Tuesday, July 22, 2014

Chaplain (Major) Steve Satterfield graduated from the Family Life Chaplain Integration Course at Fort Bragg, NC in June, 2014.

Chaplain (Major) Steve Satterfield graduated from the Family Life Chaplain Integration Course at Fort Bragg, NC in June, 2014.

Wednesday, July 09, 2014

It was an honor to do confirmation of the kids of a couple I respect.

Chaplain Satterfield speaking at Vacations for (Wounded) Warriors at a VFW in Denver.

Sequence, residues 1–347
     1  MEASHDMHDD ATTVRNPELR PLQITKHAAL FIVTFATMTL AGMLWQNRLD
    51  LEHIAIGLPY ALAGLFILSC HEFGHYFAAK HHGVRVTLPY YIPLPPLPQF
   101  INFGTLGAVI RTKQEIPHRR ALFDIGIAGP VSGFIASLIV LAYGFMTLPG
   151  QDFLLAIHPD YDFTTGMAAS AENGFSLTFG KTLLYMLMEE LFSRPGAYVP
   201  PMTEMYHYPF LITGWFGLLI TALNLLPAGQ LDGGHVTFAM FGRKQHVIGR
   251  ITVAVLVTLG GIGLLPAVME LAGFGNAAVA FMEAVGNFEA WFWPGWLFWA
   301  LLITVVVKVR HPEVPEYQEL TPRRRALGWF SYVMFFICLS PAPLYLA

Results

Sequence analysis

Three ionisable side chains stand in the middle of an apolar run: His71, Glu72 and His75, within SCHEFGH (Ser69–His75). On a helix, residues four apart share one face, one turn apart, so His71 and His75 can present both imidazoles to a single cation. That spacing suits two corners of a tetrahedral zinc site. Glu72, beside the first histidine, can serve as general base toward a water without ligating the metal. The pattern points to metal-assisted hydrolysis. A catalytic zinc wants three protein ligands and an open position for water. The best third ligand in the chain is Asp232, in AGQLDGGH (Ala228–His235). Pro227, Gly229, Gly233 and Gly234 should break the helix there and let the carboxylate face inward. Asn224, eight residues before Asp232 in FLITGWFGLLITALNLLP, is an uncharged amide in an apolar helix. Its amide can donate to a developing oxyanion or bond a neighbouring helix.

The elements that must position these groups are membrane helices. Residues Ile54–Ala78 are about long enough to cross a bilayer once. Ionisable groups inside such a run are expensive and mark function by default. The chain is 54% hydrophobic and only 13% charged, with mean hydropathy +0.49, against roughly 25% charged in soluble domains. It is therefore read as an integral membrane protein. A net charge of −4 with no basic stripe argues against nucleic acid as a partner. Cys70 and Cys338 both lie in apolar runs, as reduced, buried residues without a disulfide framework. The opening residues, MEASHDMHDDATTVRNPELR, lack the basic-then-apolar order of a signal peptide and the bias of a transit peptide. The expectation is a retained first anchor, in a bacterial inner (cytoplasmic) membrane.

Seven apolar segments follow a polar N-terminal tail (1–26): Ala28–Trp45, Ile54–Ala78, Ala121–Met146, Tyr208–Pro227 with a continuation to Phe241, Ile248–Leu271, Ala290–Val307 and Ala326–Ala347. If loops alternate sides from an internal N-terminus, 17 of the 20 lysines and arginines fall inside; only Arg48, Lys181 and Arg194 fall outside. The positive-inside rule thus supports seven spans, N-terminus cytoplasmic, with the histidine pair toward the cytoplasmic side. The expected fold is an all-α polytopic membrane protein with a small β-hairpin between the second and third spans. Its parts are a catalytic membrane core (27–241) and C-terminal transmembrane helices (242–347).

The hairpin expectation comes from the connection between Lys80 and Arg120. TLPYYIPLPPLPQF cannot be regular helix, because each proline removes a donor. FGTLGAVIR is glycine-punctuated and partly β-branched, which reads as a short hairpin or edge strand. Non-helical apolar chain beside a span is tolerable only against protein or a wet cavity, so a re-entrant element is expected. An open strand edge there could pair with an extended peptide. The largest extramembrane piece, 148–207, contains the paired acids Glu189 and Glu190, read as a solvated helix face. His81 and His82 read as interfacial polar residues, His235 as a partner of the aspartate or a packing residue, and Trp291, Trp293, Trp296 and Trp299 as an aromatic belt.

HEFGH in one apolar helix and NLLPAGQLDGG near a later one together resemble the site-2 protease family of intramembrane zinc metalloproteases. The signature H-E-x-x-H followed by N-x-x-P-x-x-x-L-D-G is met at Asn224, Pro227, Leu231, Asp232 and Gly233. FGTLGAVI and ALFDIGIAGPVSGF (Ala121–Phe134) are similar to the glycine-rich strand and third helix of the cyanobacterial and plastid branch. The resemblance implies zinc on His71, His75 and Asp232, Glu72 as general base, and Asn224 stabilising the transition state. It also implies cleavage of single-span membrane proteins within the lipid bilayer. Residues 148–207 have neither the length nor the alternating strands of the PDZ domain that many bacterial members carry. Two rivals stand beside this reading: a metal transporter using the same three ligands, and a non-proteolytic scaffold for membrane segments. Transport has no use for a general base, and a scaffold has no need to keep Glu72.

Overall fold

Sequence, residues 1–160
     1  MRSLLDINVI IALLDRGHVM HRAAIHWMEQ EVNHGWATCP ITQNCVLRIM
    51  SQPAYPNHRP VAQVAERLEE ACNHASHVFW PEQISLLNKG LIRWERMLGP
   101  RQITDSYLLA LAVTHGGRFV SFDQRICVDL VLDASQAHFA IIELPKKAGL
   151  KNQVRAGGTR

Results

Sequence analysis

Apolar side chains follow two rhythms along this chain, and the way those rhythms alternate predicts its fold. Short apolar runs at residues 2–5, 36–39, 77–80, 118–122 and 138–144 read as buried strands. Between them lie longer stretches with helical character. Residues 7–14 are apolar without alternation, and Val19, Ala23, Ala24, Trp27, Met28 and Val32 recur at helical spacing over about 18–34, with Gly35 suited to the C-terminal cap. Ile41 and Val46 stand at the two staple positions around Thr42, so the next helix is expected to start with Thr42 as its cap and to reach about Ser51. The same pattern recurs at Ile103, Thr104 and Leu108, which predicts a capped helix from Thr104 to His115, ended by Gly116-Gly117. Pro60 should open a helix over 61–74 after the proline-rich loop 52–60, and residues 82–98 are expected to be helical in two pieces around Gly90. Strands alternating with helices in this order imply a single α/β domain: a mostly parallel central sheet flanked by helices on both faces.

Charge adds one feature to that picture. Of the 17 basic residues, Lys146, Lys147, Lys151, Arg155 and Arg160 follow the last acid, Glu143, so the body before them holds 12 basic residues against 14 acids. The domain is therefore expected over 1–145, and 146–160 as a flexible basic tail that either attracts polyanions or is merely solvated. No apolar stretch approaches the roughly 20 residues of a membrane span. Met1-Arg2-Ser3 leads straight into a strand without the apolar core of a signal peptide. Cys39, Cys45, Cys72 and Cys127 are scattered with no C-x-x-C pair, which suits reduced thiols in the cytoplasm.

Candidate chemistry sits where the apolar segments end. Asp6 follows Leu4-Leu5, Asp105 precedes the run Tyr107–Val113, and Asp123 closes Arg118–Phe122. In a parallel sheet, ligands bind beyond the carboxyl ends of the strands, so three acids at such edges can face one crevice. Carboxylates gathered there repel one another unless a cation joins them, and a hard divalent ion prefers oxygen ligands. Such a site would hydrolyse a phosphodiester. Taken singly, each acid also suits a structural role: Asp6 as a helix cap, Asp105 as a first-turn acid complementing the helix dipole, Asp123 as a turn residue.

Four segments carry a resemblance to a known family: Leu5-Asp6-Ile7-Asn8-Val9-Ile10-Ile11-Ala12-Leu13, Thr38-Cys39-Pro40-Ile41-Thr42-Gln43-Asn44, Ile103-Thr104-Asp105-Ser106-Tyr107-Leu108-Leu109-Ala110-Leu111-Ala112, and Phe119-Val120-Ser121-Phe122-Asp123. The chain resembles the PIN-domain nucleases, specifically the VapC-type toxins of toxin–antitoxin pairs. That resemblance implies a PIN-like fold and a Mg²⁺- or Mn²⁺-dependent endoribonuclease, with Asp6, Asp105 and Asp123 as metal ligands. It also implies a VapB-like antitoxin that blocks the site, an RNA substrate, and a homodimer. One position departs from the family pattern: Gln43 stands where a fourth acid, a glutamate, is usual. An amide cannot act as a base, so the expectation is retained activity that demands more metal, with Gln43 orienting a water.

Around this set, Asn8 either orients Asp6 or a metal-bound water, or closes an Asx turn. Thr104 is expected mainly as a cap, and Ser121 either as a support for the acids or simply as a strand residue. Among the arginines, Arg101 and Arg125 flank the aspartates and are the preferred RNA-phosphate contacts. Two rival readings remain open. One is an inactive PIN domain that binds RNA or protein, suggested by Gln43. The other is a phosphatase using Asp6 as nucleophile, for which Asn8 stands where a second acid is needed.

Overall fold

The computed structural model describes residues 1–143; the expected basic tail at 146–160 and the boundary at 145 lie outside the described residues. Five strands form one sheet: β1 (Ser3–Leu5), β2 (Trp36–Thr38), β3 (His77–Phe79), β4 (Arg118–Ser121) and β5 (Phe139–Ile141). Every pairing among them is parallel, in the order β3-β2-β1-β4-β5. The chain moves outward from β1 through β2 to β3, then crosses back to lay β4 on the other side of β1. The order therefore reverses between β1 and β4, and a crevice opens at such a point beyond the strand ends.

http://www.amazon.com/Beyond-Post-Traumatic-Stress-Homefront-Struggles/dp/1611323665/ref=sr_1_1?ie=UTF8&qid=1404947478&sr=8-1&keywords=beyond+post-traumatic+stress I met Dr. Hautzinger years ago as she was researching this and I went to her book release party. As a former member of the 4th Infantry Brigade Combat Team it is interesting looking back at our history and seeing an assessment of it. I appreciate her putting in writing our history so many can learn from it. Here is a review I wrote about her book: Beyond Post-Traumatic Stress (PTS) was published this year by Left Coast Press, Inc. It was written by Sarah Hautzinger (Ph.D, Johns Hopkins), Associate Professor of Anthropology at Colorado College. It is about how Operations Iraqi Freedom and Enduring Freedom have affected Fort Carson, which is about 8% of the Colorado Springs, CO population (p. 275). Part One is about Warriors Coming Home. A positive outlook is instead of PTS, we have Post-Traumatic Growth. "War is the most adverse environment you will ever encounter, but you can come back stronger and wiser." (p. 37) "This is the "opportunity" side of crisis. Trauma and imminent death can lead people to see life in new and positive ways. Many returning Soldiers have reported being changed in good ways - appreciating the simple things in life, spending time with Family, confident to respond bravely under pressure, etc. Look for this and amplify it in the Soldier's life." A Unit Chaplain's Response to Trauma and Combat Stress by Chaplain (Lieutenant Colonel) David Mickelson, Number 21. In 2009 the EPICON (epidemiological) report was released. "One portion of the study analyzed the 14 soldiers arrested for murder, attempted murder, or manslaughter . . . (The study) did not reveal any one single cause, but rather a comprehensive list of individual, predisposing factors such as criminal behaviors, drug and / or alcohol abuse, prior behavioral health issues, and barriers to seeking behavioral health care." (p. 82) This report can be found at [...] "The 4th Brigade (about 3000 Soldiers, there are 5 brigades on Ft. Carson) as a whole lost 45 of the 49 Fort Carson soldiers killed in Afghanistan by the time they returned to Fort Carson in June of 2010". (p. 93) It has been called "The Murder Brigade" (p. 238) because of the paragraph above. I had the honor of being one of the chaplains in that Brigade then. I lost a Soldier and an Airmen I worked with on this year-long deployment. We had to lean on God, our Families and one another to survive. The following are concerning statistics from page 203. The CO Airmen tend not to cause problems. They tend to be better educated and self-controlled. "The county could boast methamphetamine use at a rate 40 - 50 percent higher than other large counties in Colorado." (Even though drugs are illegal, some Soldiers still do them.) "During 2009 El Paso County received the most child abuse and neglect referrals of any Colorado county." (There is a weekly Case Review Committee to try to solve this problem.) "The veterans' suicide rate was . . . more than double the rate of the general population in El Paso County." (Every Army unit must do yearly suicide prevention, sometimes chaplain led.) Part Two is about War's Labyrinth, how challenging war can be, like a complicated maze. One PTS solution is to use free resources, such as [...] (p. 175). This is a retreat center in Buena Vista, CO that is dedicated to helping our Wounded Warriors heal. Another solution is on page 187. The former Evans Army Community Hospital Commander "Colonel John McGrath attributes the rise in soldiers seeking care to placing or "embedding" behavioral health teams in combat brigade facilities". This book is a good summary of what happened at Fort Carson then. It was personally healing to read and write about it four years later as I learned more about the history of Fort Carson and the effects of our Soldiers deploying and redeploying. Dr. Hautzinger's review is accurate and fair and helps us learn how we can help those who are hurting because of war. Steve Satterfield is a Doctor of Ministry candidate in Marriage and Family Counseling at Denver Seminary. He has been a US Army Chaplain for 13 years.